the57ironman wrote:good god , man.... :shock:

i'm glad you're doin' what you like doin'.. :flop:

:cheers: shaggie



hahaha. Thank you.

Let me say this. I like it but it is getting a bit over whelming. I feel I need to do this because I started this thread and have to have ownership of it. I build cabinets for a living for christ sakes. LOL

I was always in hopes that one with some bit of knowledge would have jumped on board. I do thank those that have.

But trying to debunk some one that may be cherry picking data is rather tough. I thought that I would just find a few things and all would be well. The more I started to dig into it the harder it becomes. Perhaps that is why others may not be to anxious to get into this much. SO much data and reports to look over.

I must say that there is some validity to what was posted by this Patrick Geryl person. But i also see that he is jumping to conclusions. I keep seeing prediction in alot if not all of what I read.

We all know how predictions work. All are working off recent data so to say. Readings are different from one side of the earth to the other.

To say what he is saying is non-sense at this point.[imho]

But I say again I am no scientist just one that looks at the data and makes a conclusion. Its all on interpretation and speculation.


Even the scientists agree to dis-agree then vote on a conclusion.


:cheers:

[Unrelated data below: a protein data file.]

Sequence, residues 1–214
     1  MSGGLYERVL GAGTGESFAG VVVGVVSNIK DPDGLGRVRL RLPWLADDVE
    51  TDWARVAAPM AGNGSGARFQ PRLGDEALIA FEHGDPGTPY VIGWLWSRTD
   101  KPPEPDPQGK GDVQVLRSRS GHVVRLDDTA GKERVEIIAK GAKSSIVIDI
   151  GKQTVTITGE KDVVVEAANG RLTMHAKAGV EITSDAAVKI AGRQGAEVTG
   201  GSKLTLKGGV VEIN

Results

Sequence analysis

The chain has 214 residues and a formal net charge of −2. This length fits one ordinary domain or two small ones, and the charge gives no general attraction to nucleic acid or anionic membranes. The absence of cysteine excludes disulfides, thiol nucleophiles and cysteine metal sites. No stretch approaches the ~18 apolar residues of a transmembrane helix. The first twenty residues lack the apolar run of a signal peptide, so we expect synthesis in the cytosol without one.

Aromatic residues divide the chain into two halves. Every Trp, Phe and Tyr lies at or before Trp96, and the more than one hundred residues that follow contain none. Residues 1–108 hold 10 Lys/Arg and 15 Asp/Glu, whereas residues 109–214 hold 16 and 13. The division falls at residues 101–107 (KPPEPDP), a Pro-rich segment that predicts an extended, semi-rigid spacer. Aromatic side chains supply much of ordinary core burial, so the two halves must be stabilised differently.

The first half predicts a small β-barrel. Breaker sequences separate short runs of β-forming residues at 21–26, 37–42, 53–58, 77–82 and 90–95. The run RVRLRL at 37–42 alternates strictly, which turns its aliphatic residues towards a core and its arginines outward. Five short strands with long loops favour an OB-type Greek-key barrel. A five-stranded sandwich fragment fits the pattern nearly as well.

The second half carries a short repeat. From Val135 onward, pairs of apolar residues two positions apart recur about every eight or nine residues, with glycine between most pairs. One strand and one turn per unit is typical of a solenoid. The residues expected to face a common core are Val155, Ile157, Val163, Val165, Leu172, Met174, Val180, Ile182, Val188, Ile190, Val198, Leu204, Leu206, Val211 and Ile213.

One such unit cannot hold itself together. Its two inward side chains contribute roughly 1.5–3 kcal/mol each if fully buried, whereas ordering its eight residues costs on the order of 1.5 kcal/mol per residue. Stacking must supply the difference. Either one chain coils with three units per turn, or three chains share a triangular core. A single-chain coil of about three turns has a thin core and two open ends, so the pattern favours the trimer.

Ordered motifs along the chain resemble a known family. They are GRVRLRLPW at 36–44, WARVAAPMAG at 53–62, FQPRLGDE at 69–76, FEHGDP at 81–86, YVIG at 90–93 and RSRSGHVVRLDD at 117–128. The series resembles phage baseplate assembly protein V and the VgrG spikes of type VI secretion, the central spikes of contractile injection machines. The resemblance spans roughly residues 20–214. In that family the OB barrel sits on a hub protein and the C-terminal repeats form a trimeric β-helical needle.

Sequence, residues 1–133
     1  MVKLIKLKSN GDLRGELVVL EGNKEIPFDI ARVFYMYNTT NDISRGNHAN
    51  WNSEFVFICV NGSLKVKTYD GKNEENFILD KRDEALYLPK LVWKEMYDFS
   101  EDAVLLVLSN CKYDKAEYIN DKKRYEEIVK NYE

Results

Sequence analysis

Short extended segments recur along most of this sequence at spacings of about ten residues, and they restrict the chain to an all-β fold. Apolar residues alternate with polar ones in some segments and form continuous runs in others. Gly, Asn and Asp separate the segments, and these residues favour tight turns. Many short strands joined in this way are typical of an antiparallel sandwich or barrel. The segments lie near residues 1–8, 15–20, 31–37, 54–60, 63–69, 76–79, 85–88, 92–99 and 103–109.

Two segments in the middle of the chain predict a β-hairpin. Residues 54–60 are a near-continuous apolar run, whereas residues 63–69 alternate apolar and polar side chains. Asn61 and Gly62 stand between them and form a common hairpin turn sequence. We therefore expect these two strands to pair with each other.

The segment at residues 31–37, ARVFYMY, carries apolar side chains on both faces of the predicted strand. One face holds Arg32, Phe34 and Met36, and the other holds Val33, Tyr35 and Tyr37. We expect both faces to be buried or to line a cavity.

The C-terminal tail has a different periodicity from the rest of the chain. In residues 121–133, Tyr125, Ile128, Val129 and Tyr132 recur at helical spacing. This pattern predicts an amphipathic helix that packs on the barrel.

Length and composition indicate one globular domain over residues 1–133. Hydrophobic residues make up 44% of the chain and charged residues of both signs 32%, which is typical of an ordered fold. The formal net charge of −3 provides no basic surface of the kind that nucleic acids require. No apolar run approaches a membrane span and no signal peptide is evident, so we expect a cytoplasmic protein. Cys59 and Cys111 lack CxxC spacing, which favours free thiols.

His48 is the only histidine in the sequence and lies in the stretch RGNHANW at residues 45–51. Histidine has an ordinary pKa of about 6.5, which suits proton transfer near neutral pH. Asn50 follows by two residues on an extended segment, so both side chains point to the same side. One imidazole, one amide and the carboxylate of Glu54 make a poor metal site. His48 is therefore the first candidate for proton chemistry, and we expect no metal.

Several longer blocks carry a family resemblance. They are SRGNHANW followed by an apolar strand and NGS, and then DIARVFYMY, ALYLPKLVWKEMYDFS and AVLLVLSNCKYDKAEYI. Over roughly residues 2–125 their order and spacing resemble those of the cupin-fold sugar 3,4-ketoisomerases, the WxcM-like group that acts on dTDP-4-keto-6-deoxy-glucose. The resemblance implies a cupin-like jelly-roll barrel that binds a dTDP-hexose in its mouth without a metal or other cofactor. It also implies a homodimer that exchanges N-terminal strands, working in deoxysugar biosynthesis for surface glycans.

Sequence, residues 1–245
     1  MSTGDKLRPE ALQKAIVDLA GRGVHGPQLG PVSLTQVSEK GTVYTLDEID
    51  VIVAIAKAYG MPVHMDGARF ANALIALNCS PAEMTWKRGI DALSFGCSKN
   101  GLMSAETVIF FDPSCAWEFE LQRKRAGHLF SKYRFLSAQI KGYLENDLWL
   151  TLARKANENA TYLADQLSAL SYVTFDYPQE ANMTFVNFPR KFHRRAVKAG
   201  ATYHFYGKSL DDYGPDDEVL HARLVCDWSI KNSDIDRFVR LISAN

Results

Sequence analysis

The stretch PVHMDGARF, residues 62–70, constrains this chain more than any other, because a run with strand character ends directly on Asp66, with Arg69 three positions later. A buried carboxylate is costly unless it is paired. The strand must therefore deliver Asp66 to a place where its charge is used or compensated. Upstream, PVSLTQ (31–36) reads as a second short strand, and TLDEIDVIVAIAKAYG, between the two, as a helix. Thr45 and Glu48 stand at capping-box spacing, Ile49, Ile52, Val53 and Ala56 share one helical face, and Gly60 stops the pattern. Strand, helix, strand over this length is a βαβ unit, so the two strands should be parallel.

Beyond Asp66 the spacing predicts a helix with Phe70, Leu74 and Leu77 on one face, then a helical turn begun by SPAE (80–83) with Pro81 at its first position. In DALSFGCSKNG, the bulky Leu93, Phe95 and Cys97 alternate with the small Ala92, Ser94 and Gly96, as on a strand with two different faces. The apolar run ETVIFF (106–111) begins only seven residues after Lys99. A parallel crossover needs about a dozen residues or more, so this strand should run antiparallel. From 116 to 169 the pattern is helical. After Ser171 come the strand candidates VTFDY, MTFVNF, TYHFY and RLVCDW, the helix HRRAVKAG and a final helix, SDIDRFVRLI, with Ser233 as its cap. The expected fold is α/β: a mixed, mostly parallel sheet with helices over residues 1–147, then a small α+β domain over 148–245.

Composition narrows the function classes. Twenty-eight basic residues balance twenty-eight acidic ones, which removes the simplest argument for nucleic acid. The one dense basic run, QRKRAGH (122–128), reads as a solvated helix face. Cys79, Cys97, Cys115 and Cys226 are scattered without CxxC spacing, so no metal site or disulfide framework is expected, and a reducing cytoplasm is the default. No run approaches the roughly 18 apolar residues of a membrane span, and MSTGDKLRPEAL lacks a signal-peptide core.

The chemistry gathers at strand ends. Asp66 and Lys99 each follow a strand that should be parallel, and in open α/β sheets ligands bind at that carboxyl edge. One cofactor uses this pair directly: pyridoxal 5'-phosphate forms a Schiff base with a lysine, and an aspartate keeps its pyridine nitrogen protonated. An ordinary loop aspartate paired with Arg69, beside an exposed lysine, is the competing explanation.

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PostTue Jan 17, 2012 3:27 am » by The57ironman


in the grand scheme of things , i would have to ask if you think this science is in it's infancy...

kudo's to those who have the where-with-all to stay with it...

myself , a toolmaker and machinist , mad scientist and mathemetician at heart , i appreciate the math involved , though i admit to being a little bit overwhelmed by the ''new'' designations and terminology....

do ''you'' feel there is validity to the assumptions that are being ''taken for granted'' that most folks , including myself , don't even take into account...such as the dimensions given for wavelengths , for example...

(i'm drowning , aren't i...?)


it's all good... :cheers:
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PostTue Jan 17, 2012 3:52 am » by Shaggietrip


the57ironman wrote:in the grand scheme of things , i would have to ask if you think this science is in it's infancy...

kudo's to those who have the where-with-all to stay with it...

myself , a toolmaker and machinist , mad scientist and mathemetician at heart , i appreciate the math involved , though i admit to being a little bit overwhelmed by the ''new'' designations and terminology....

do ''you'' feel there is validity to the assumptions that are being ''taken for granted'' that most folks , including myself , don't even take into account...such as the dimensions given for wavelengths , for example...

(i'm drowning , aren't i...?)


it's all good... :cheers:



Yes I would have to agree with you.

We are are just infants scientifically speaking.